For years, Guttmacher referred women to physicians for illegal abortion procedures. He once wrote how an illegal abortionist, nicknamed Dr. T, showed him the abortion technique. "His technique was to pack one inch gauze strips into the cervix and lower uterine segment the night before he was to evacuate the conceptus," Guttmacher wrote. "After 12 hours of packing, the cervix was wide open, and he was able to empty the uterus with an ovum forceps, followed by currettage without anesthesia. In advanced pregnancies he inserted intrauterine bougies, held in place by a vaginal pack until strong contractions commenced, which not infrequently took several days."
"These early medical experiences with the unavailability of abortions in reputable hospitals and the incidence of illegal abortions convinced me that permitting abortion only 'to preserve the life of the mother' was undesirable and unenforceable…. My sentiment was that as long as the law was as restrictive as it was, doctors should not breach it, but work to change the law – a position which I forthrightly espoused in the classroom," Guttmacher stated.
Dr. T later attended a 1950's Abortion in the United States conference sponsored by PPFA, which focused on abortion. PPFA leader Mary Calderone writes, "Those very concerned with the problem of abortion will be full of gratitude for this report; gratitude to the P.P.F.A. for convening the conference and for the frankness of the thirty-eight participants, who comprised eminent gynaecologists, psychiatrists and a few social workers. The highlight of the proceedings was an M.D.'s testimony as a convicted (but not imprisoned) abortionist. The chairman stated that Dr. T. was his valued friend, known for nearly three decades, and described him as 'an extremely competent abortionist … who some years ago fell into disagreement with the law and is no longer in practice".'"
The PPFA group heard from abortion advocates worldwide, and in the end, Calderone indicates that there was no clarion call to push for abortion reform.
In his book, "Babies by Choice or by Chance," published in 1959, Guttmacher allegedly deplored "the performance of abortion on virtual demand." But Guttmacher also noted how he had learned from experience how hospitals were "allowed to interpret and administer the abortion law of their respective states without supervision or interference from either the police, the courts or medical agencies."
In 1952, Guttmacher had relocated from Baltimore to New York, where he became the first Director of Obstetrics and Gynecology at the Mount Sinai Hospital, which had already been approving and performing abortions. "I was told that if a private patient was denied abortion in another institution, she frequently sought abortion at Mt. Sinai because of its well-known, relatively liberal policy," Guttmacher claimed.
By 1962, Guttmacher was at the helm of Planned Parenthood and he was positioned to put his dream of decriminalizing abortion into action. That same year, as chairman of the medical and scientific committee of the Human Betterment Foundation, Guttmacher called the existing abortion laws "archaic" and "idiotic."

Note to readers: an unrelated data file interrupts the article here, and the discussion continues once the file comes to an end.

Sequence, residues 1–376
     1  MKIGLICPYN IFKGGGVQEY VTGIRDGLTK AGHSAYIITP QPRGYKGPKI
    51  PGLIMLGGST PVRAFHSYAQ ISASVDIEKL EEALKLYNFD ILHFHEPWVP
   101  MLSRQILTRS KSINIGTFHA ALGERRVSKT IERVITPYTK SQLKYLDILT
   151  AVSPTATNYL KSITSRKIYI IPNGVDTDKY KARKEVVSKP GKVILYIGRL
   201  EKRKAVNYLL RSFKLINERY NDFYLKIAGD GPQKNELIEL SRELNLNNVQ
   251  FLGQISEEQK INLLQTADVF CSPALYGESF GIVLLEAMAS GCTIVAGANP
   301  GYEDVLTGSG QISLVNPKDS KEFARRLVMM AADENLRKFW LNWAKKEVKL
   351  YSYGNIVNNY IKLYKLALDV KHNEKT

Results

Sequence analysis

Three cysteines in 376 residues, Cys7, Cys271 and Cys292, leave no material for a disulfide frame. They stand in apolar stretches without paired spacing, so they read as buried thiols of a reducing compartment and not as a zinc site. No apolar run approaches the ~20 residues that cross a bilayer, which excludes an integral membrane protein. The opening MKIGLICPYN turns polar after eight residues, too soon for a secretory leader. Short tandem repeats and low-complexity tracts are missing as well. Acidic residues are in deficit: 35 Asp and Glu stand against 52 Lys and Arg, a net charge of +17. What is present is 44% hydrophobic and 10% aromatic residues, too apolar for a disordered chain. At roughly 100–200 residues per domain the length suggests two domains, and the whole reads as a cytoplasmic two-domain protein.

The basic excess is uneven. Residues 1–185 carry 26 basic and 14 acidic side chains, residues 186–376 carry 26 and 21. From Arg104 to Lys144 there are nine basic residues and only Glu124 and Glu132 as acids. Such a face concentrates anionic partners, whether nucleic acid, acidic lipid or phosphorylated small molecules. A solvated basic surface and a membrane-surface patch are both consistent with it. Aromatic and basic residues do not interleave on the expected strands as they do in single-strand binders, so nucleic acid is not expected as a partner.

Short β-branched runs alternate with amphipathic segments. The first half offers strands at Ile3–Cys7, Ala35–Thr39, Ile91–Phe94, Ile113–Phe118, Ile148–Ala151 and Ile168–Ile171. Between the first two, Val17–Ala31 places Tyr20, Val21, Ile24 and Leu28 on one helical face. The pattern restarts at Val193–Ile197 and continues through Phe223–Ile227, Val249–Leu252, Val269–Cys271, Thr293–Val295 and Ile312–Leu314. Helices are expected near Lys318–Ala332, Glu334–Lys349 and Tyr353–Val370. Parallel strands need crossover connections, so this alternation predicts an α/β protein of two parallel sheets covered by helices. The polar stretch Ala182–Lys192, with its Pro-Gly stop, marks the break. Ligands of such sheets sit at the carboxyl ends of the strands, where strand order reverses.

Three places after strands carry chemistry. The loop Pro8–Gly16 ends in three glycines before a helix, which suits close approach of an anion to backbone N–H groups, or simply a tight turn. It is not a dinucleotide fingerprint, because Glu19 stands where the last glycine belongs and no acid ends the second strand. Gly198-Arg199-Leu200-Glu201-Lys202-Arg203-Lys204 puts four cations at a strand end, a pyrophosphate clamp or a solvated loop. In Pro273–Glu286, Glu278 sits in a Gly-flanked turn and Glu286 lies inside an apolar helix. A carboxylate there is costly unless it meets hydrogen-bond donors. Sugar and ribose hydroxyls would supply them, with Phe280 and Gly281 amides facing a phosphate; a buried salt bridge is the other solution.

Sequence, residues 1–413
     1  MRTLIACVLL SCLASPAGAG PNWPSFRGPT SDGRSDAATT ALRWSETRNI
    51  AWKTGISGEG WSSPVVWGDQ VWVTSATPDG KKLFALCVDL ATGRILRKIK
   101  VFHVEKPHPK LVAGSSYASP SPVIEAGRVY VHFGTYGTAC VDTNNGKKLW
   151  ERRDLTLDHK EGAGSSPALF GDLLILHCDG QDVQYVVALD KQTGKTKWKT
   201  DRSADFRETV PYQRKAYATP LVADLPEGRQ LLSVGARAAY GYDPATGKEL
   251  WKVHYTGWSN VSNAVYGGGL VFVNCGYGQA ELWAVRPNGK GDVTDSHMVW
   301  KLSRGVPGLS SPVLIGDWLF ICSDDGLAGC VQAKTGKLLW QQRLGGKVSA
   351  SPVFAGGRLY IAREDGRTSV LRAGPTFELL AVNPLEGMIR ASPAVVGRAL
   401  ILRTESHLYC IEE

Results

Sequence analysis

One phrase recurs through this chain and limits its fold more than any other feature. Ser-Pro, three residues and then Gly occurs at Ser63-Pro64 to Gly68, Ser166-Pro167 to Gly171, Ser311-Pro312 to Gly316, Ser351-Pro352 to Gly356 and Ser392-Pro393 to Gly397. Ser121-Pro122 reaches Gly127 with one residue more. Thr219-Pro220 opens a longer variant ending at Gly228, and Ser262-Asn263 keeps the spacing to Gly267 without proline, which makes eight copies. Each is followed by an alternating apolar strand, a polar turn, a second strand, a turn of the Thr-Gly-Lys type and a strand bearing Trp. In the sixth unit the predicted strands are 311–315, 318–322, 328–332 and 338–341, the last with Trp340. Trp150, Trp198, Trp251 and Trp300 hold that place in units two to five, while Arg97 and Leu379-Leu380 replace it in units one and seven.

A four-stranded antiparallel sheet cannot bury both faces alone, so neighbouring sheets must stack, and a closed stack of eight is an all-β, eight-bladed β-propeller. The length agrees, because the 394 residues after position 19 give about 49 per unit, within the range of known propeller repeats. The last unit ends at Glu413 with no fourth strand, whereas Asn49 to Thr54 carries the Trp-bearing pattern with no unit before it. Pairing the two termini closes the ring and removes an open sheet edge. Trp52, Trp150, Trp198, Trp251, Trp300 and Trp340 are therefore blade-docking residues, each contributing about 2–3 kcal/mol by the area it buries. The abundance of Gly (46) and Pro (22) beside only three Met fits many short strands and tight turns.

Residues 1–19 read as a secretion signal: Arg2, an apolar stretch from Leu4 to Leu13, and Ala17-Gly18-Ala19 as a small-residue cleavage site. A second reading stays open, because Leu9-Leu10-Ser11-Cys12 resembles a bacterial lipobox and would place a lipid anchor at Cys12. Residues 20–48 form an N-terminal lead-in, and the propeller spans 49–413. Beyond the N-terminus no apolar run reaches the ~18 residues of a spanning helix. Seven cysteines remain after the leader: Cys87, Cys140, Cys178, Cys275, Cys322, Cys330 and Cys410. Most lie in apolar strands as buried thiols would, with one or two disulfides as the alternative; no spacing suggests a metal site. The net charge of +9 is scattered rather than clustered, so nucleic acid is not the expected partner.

"The idea that the fetus has a sacred right to survive from the moment of fertilization is a Judeo Christian creation," he said according to a May 2, 1962, Poughkeepsie Miscellany News report.
"I believe that a new abortion statute for New York and each of the other states is needed…. I think it is high time that a commission of physicians, lawyers, judges, sociologists, and religionists convened in an attempt to wrestle with the problem realistically…. The only way progress can be made is through an aroused citizenry. What we need in the United States is a uniform abortion law," Guttmacher wrote in "Babies by Choice."
A few years later, during a 1965 "Abortion and the Law" BBC program, Guttmacher, then president of PPFA, put forth the infamous "health" exception for abortion, stating (36:20):
Now, the law as you know is simply to preserve the life of the mother. This is wholly inadequate.
Number one, I'd preserve the life or health of the mother. And, as you know, health could be interpreted quite broadly and I think it should be. In 1960, the World Health Organization gave us splendid definition of health. They said health is a state of complete physical, mental and social well being. Not simply the absence of illness and disease.
Second, I feel that abortion should be done, when competent medical opinion feels that there's strong likelihood of the current [inaudible] to result in the malformed or abnormal child. I think whenever pregnancy is the result of proved rape, incest, or the impregnation of a child of sixteen or less, with or without the consent, that we have legal grounds for interrupting this pregnancy.
Interestingly, this language comes directly from the 1959 American Law Institute's Model Penal Code on abortion. In our next report in this series, we will learn Guttmacher's connection to that organization and detail what led up to Planned Parenthood's decision to push for the decriminalization of abortion and begin referring for the procedure.
Published with permission from Live Action News.